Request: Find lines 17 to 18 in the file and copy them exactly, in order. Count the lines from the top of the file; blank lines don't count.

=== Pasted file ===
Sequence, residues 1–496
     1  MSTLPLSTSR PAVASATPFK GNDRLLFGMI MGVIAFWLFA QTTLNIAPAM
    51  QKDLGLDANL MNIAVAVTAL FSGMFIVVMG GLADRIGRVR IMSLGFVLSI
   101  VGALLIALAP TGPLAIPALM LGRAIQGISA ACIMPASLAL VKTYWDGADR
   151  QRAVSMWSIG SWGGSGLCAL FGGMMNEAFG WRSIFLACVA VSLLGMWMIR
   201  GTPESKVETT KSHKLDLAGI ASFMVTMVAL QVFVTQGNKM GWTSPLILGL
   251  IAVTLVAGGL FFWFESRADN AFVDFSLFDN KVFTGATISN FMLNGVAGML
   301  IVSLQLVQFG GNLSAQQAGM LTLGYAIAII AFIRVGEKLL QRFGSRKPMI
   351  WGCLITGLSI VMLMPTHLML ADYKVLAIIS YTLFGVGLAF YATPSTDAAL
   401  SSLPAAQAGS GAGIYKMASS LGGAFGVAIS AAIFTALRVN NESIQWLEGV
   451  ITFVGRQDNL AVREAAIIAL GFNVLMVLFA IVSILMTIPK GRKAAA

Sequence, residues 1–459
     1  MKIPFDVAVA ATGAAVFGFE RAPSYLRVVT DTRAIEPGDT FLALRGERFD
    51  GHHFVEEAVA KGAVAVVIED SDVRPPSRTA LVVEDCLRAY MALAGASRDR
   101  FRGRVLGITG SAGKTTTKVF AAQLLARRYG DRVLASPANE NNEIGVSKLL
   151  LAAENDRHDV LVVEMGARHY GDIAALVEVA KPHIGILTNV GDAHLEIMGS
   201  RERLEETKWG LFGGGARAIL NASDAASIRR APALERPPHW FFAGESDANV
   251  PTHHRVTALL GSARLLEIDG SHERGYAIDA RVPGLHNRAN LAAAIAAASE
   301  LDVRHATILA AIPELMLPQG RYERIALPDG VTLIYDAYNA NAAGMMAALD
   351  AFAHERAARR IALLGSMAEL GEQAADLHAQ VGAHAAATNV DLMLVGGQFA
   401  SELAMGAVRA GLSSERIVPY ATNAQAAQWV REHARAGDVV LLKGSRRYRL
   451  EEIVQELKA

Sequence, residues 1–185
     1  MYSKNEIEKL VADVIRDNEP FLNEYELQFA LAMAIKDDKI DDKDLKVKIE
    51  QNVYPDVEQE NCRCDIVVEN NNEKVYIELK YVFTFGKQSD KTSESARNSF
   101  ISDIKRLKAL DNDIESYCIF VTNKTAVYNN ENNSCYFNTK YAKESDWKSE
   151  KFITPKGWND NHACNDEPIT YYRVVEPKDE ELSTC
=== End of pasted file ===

   201  RERLEETKWG LFGGGARAIL NASDAASIRR APALERPPHW FFAGESDANV
   251  PTHHRVTALL GSARLLEIDG SHERGYAIDA RVPGLHNRAN LAAAIAAASE